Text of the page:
Mr. Taylor, a graphic designer at the Cedar Point amusement park, has redone one room to look like an office.
SANDUSKY - John Taylor is often mistaken for an auto mechanic, a car washer, or the neighborhood maintenance man.
But rarely is he recognized for the guy he really is - just another Hancock Street homeowner.
Mr. Taylor, a graphic designer at the Cedar Point amusement park, recently received national attention for fashioning a faux automotive business on the first floor of his home.
His body shop-house, known as T&T Towing Co., is complete with painted grease fingerprints on the walls, old car signs in the windows and exterior, and a ceramic watchdog, Axle, that's chained up outside.
Upstairs, artifacts from the automotive industry are scattered throughout his living space, from car jacks that hold up his living room table to the Craftsman toolbox where he stores his socks. Atlases serve as wallpaper across his kitchen walls, its ceiling, and even the refrigerator.
“I wanted to do something different but didn't know what exactly,” Mr. Taylor said from his home yesterday. “When I found out about the automotive theme, it just all kind of came together.”
Mr. Taylor, 44, bought the two-story house in 1995 with plans to restore it. Soon after, he learned about the varied businesses that had once been on its first floor, including an auto paint and repair shop.
It was then that he decided to renovate the entire 1920s building in the automotive theme.
But he had to start from scratch with his plans, as the only thing left from past businesses was a slight smell of dust and oil.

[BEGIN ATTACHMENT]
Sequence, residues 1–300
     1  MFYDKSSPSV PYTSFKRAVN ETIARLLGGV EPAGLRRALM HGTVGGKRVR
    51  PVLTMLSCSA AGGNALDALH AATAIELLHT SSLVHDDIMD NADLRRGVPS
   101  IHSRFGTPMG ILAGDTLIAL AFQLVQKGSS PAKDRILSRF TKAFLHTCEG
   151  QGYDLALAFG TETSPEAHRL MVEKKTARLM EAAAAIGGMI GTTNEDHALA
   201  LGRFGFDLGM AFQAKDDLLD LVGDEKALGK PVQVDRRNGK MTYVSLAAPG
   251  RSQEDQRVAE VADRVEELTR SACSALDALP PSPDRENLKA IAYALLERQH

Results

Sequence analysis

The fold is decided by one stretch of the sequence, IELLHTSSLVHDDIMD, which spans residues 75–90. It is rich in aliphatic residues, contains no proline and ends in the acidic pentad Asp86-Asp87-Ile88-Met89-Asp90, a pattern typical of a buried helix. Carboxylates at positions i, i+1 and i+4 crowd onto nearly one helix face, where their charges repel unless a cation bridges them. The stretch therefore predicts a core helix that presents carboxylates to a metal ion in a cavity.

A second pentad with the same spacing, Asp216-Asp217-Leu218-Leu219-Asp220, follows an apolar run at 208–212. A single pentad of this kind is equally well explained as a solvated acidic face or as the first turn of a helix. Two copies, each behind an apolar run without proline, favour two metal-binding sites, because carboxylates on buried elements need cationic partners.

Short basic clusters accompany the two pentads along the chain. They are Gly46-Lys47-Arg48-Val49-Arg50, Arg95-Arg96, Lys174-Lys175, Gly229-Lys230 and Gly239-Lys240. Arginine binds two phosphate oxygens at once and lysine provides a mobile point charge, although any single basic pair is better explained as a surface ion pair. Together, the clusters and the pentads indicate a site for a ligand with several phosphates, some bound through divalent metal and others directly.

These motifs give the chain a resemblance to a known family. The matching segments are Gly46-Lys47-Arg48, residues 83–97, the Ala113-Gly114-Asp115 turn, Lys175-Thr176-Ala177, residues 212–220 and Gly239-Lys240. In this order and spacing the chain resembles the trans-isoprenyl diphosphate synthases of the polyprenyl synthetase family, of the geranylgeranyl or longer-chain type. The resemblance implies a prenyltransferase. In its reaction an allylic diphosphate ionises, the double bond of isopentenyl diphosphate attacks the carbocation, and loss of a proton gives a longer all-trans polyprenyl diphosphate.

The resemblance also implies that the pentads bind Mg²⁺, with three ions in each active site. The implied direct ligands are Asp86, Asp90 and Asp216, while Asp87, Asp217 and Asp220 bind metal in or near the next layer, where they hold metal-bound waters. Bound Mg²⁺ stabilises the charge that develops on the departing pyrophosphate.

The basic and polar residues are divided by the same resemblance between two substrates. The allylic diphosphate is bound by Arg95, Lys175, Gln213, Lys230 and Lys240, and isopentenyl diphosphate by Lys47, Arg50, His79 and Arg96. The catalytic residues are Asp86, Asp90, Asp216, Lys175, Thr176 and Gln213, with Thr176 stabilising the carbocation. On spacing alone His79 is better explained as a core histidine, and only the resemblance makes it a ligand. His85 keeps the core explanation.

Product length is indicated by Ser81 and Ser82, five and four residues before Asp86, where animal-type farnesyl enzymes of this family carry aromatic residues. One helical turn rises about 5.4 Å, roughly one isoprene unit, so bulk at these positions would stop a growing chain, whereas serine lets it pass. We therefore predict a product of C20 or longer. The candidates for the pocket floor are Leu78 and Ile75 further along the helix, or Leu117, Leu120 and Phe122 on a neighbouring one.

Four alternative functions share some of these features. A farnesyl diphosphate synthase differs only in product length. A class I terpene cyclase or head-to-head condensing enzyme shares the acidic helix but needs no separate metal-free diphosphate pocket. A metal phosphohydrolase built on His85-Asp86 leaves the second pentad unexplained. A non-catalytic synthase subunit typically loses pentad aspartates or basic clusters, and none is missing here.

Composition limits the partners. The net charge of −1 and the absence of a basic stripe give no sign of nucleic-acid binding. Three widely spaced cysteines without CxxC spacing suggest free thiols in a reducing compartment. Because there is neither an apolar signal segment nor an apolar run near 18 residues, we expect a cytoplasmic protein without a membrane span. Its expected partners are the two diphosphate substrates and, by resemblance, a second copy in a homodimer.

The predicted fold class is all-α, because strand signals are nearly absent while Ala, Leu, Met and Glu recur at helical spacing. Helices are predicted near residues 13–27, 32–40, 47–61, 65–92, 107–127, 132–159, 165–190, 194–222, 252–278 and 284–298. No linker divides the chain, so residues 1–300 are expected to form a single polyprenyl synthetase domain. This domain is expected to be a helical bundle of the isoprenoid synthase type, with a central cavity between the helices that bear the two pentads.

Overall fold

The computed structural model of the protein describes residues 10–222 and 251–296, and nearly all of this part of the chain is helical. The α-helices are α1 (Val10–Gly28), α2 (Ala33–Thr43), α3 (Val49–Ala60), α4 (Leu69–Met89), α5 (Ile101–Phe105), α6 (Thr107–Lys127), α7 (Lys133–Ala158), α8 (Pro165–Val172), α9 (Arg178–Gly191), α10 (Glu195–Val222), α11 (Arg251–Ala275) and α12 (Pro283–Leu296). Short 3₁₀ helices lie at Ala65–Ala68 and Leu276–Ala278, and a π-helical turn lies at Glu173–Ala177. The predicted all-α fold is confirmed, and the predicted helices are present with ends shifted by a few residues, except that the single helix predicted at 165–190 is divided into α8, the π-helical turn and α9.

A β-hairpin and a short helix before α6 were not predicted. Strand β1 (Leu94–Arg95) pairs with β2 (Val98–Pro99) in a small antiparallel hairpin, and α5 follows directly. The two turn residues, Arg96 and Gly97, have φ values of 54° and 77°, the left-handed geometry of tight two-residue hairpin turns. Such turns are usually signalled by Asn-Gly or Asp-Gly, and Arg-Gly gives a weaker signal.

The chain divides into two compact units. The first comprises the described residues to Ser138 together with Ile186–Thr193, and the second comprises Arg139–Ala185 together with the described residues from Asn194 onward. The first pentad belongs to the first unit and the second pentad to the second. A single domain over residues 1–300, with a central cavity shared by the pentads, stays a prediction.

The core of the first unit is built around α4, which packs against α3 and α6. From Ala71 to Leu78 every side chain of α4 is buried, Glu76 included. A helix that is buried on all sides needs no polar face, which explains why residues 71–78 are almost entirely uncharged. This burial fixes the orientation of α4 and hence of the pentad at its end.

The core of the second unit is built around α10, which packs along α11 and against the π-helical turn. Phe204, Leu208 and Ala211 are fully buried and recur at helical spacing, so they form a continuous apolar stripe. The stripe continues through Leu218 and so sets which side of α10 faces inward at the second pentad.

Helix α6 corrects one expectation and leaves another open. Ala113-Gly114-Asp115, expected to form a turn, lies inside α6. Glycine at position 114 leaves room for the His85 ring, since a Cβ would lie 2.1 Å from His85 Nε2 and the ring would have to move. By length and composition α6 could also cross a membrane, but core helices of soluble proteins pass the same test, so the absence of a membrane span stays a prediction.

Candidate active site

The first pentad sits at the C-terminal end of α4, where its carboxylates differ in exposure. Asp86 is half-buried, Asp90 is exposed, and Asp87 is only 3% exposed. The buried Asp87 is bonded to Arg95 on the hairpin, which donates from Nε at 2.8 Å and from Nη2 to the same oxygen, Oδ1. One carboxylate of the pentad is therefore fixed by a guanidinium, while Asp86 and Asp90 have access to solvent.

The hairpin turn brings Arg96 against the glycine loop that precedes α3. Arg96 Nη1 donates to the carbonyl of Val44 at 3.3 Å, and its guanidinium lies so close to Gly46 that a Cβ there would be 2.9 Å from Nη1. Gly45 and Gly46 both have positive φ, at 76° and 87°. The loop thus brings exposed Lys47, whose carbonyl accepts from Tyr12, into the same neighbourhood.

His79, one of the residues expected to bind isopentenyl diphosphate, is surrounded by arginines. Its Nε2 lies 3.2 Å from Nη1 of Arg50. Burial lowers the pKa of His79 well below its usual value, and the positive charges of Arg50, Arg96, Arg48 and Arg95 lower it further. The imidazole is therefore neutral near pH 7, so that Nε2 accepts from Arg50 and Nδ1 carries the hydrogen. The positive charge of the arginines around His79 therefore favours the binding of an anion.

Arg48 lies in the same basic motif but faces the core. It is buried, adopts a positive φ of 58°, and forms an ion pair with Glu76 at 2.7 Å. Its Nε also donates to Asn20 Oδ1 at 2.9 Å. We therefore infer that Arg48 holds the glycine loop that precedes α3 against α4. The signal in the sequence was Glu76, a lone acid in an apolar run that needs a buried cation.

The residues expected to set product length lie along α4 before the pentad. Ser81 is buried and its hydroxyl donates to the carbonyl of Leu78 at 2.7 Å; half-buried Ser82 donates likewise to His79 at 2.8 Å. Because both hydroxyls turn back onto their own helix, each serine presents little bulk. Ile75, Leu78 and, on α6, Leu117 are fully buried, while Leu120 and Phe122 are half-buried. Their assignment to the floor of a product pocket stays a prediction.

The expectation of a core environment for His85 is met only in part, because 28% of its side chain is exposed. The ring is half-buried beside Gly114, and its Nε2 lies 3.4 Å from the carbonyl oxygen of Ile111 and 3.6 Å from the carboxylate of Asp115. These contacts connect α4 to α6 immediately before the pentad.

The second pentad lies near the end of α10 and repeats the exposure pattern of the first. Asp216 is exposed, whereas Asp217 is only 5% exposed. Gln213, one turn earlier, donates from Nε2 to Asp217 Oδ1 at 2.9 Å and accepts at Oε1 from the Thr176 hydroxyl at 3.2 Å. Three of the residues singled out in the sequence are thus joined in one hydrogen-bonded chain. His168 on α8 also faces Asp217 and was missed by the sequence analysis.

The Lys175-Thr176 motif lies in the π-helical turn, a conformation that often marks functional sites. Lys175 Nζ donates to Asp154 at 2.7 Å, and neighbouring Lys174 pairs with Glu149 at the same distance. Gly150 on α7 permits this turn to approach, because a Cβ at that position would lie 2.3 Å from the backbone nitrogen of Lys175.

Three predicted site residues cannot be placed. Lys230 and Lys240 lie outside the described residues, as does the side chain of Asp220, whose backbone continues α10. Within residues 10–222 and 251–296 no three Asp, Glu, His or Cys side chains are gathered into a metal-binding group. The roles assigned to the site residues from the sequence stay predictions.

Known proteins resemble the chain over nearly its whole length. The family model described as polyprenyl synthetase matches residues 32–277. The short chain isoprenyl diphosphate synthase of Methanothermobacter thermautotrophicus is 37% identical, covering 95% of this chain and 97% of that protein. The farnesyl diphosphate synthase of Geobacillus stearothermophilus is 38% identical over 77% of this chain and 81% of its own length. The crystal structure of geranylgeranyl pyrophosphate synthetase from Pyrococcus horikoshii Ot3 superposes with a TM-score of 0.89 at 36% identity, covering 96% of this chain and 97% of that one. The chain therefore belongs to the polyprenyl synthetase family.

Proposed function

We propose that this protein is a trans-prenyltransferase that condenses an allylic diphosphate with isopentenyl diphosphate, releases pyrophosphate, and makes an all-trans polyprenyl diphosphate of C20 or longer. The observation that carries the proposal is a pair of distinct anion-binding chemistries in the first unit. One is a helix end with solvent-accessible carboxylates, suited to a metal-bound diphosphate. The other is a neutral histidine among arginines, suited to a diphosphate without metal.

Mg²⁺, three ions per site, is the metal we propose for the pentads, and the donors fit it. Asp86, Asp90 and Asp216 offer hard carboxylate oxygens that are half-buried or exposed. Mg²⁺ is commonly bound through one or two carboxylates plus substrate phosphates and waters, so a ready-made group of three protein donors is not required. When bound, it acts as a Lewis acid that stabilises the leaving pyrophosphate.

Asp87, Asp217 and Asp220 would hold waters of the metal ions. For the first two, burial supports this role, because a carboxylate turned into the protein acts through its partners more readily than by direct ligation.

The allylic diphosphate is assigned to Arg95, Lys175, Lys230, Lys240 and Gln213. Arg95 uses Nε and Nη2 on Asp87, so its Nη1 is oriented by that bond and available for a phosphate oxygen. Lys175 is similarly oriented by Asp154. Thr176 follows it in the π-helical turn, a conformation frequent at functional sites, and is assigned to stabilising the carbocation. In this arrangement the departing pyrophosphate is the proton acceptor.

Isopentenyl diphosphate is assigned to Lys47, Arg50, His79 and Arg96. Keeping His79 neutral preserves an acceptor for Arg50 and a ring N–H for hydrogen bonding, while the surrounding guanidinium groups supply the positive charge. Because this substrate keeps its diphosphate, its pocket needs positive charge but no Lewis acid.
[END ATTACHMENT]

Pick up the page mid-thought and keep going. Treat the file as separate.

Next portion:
John Taylor bought his hose in 1995 with plans to restore it. He learned soon afterward that an auto paint and repair shop had been on the first floor. That led him to renovate the 1920s building in an automotive motif.
So Mr. Taylor started by designing some signs and collecting old hubcaps. He found replica “pinups” of women for the bathroom walls, hauled in oil cans, and placed a bottle of whiskey in an office desk.
He made business cards, made a work shirt with his name and company on it, and even came up with the company logo, “When you break down, we pick you up.”
“The theme just goes on and on,” Mr. Taylor said. “It was a fun project.”
Mr. Taylor said he enjoyed creating his home on his weekends and nights because he does it every day at Cedar Point, where he's working on designs for cabins at a new camp site.
“I try to make art every day, whether it's a simple thing here or something at work,” he said.
His house has been recognized by the Old House Guild of Sandusky, which included his automotive display on its candlelight tour of homes in December, 1997.
“He's so creative,” said Ellie Damm, guild president. “This is the third [restored] home he's had on a tour in 20 years. Each one has been more delightful than the other one.”
Ms. Damm said the guild hopes to present an award to Mr. Taylor for his home, something they likely will do once he washes paint from one exterior cement wall.
It was after the candlelight tour that Mr. Taylor received national attention for his unusual work. Someone from the tour notified the Homes and Gardens television program, prompting producers there to spotlight him on the air last fall.
Fellow homeowners and business owners along Hancock Street said they're pleased with Mr. Taylor's work, especially since residents are trying to clean up the neighborhood.
“He did a wonderful job,” said Jim Buderer, co-owner of Fisher Drugs. “It's just nice that he fixed it up. We're all trying to do our part to make things look nice.”
But Mr. Taylor still has fooled some with his faux business, which looks real to passers-by.
“I always thought that was a body shop,” said Jason Baker, co-owner of Terry and J's convenience store. “It just shocks me that it isn't.”
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